A very good friend of mine, who I respect, vehemently disagrees with me about the swine flue vaccinations. This friend sees refusal to get vaccinated as, at best, irresponsible, even abusive to one's family and co-workers. I completely understand, and respect that point of view. I understand where she is coming from, given the context of her profession, and her love for her family. I also completely disagree with her. What makes it more difficult in these crazy faux apocalyptic times is that others in her family also disagree, which makes for highly uncomfortable tension and bad feelings. I don't know if my friend agrees that the swine flu propaganda is propaganda, hype, and a man made, intentionally released "bug" set loose in the world. (Where I see the swine flu plushie as a surreal piece of indoctrination she sees it as an educational tool or toy) I would assume if she did believe that, she'd be more reluctant to get vaccinated.
Not necessarily so, I guess. Someone I know believes, like I do, that the swine flu is all of the above, but even so, will get vaccinated. This person trusts the vaccinations: they are harmless. (This person also told me that someone close to them has a job where it's requited they get vaccinated. I wondered, but didn't ask, if that's legal. Something to look into.)
When things like this are close to home, it forces you to check your own position on things. People I love, care about and respect disagree with me, sometimes almost violently so, on issues. What to do in these cases? After thinking about my thoughts on the swine flu, thinking on their positions, I am left with: I still believe and think what I did before hearing their positions.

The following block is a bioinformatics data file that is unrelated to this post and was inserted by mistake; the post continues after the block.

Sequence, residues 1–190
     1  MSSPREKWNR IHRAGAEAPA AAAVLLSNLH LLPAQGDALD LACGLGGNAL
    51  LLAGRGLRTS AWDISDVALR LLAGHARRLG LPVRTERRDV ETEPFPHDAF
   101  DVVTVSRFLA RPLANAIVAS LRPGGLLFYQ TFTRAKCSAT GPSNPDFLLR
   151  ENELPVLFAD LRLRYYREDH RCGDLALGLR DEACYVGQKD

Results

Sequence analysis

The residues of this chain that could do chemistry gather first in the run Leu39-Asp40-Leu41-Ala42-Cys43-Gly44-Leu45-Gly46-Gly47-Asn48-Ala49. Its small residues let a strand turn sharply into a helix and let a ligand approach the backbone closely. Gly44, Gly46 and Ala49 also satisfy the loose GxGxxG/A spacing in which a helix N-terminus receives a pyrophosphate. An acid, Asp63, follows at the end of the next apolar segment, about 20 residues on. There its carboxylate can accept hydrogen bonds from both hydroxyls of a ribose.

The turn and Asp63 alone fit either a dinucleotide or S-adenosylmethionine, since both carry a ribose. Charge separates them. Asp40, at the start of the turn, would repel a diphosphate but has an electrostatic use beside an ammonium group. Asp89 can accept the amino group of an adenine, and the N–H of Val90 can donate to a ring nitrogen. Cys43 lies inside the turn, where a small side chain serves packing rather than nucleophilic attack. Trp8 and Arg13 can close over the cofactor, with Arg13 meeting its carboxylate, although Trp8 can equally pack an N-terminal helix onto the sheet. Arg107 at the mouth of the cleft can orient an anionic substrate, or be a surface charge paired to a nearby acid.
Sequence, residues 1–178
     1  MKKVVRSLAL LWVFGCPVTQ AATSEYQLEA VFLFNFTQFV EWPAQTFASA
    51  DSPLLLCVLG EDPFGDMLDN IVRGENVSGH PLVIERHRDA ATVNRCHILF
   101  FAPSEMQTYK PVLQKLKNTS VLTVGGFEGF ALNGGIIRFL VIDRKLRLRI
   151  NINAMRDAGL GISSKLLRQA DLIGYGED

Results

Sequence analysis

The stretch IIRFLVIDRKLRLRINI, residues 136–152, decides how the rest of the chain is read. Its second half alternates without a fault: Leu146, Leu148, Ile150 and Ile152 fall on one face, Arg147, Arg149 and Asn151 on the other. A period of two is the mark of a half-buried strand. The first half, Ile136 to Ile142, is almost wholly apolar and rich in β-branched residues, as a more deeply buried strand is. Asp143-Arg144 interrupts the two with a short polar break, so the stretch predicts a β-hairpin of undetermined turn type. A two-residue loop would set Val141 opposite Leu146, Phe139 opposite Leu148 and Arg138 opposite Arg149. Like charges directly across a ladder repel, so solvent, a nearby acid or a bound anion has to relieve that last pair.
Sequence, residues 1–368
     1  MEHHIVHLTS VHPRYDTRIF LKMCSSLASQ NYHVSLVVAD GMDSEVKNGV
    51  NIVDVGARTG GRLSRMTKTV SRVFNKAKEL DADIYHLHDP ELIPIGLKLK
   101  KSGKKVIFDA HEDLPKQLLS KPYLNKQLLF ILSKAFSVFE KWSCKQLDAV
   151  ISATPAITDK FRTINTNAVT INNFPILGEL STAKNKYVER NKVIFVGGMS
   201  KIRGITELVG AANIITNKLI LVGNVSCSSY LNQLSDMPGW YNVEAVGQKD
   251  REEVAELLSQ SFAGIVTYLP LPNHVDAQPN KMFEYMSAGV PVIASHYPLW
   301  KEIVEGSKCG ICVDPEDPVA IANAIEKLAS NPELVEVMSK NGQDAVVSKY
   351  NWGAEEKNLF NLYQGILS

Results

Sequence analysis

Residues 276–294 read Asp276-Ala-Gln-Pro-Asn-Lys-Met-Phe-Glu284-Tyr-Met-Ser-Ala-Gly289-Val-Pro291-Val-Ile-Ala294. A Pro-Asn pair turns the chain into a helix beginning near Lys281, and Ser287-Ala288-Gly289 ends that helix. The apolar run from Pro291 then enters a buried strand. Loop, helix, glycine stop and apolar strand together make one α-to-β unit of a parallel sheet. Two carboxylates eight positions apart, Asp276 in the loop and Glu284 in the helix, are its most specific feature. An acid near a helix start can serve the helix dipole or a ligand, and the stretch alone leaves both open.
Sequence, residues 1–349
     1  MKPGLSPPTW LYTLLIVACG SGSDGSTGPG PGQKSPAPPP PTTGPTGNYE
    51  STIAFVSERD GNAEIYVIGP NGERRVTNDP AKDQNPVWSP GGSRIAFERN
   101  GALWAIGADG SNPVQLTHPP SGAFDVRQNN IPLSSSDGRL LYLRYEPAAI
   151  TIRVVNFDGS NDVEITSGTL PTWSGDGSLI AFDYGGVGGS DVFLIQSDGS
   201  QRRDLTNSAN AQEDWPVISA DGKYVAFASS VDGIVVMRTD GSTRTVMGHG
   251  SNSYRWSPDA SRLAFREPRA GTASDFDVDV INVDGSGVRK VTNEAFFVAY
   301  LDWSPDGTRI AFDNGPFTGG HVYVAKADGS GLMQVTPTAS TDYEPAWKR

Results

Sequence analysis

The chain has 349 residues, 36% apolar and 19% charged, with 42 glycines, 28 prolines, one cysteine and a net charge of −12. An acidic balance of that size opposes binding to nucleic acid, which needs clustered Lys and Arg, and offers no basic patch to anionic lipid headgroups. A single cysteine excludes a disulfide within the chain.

Fortunately, I am not faced with, like my close friend, a challenge to family harmony. I don't have children, and my husband and I share the same opinions. What if, however, we did have children, or our disagreements clashed so strongly we ... what? Separate? Divorce? Sounds silly, but imagine one spouse refusing to get vaccinated, while the other insists he/she does. I wouldn't want my spouse to risk getting killed or harmed from the vaccinations (not to mention the other insidious aftermaths of a semi-mandated, "practice run" program of propaganda) while he wouldn't want me to be exposed to the flu, or, expose others. Of course, if one is vaccinated, it wouldn't matter if someone else were vaccinated or not. I realize from their point of view it's not that simple, for every person vaccinated, many more are not, and they see those individuals as at risk for getting ill, particularly children.
(See a related article The ethics of vaccination, even though it concludes that getting vaccinated is a good thing.)
Speaking of swine flu matters close to home, here in the Pacific Northwest a swine flu outbreak hit a Washington state campus hard. Approximately 2,500 students came down with the swine flu. Swine flu hits Washington State Univ. Classes started August 24th.